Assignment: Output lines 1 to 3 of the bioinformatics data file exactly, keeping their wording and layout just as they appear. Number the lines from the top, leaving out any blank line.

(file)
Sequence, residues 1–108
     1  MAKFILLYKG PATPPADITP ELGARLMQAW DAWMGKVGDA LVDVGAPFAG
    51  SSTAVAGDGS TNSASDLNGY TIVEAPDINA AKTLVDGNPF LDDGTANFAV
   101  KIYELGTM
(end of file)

Sequence, residues 1–108
     1  MAKFILLYKG PATPPADITP ELGARLMQAW DAWMGKVGDA LVDVGAPFAG
    51  SSTAVAGDGS TNSASDLNGY TIVEAPDINA AKTLVDGNPF LDDGTANFAV